Hi Sebastian, Stéfan,

Thanks for the very good summaries!

An additional item worth mentioning is that by using `__skip_array_function__` everywhere inside, one minimizes the performance penalty of checking for `__array_function__`. It would obviously be worth trying to do that, but ideally in a way that is much less intrusive.

Furthermore, it became clear that there were different pictures of the final goal, with quite a bit of discussion about the relevant benefits of trying the limit exposure of the internal API and of, conversely, trying to (incrementally) move to implementations that are maximally re-usable (using duck-typing), which are themselves based around a smaller core (more in line with Nathaniel's NEP-22).

In the latter respect, Stéfan's example is instructive. The real implementation of `ones_like` is:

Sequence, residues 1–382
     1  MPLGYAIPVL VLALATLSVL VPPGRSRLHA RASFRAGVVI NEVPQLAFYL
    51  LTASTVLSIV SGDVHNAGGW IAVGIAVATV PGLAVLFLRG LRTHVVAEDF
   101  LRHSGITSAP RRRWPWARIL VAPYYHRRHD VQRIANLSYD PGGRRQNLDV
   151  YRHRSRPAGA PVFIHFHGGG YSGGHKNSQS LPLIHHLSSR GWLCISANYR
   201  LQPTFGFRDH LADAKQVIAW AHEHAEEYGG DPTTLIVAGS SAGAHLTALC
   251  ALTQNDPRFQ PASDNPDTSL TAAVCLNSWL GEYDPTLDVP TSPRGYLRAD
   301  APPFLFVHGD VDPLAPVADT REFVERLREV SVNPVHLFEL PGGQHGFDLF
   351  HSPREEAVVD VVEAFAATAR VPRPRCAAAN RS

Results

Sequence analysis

```
def ones_like(a, dtype=None, order='K', subok=True, shape=None):
    res = empty_like(a, dtype=dtype, order=order, subok=subok, shape=shape)
    multiarray.copyto(res, 1, casting='unsafe')
    return res
```

The first step is here seems obvious: an "empty_like" function would seem to belong in the core.
The second step less so: Stéfan's `res.fill(1)` seems more logical, as surely a class's method is the optimal way to do something. Though I do feel `.fill` itself breaks "There should be one-- and preferably only one --obvious way to do it." So, I'd want to replace it with `res[...] = 1`, so that one relies on the more obvious `__setitem__`. (Note that all are equally fast even now.)

Of course, in this idealized future, there would be little reason to even allow `ones_like` to be overridden with __array_function__...

All the best,

Marten